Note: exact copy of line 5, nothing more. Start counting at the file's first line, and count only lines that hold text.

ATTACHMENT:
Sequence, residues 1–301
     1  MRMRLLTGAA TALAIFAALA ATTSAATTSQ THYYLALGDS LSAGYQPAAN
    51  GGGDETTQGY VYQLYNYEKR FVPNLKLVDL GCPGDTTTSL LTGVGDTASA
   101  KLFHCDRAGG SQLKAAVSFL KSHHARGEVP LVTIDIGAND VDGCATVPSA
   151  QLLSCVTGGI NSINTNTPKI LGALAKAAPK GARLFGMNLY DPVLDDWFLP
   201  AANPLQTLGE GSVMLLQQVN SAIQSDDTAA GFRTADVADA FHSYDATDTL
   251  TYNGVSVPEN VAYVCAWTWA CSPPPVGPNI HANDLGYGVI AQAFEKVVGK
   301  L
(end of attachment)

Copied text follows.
   151  QLLSCVTGGI NSINTNTPKI LGALAKAAPK GARLFGMNLY DPVLDDWFLP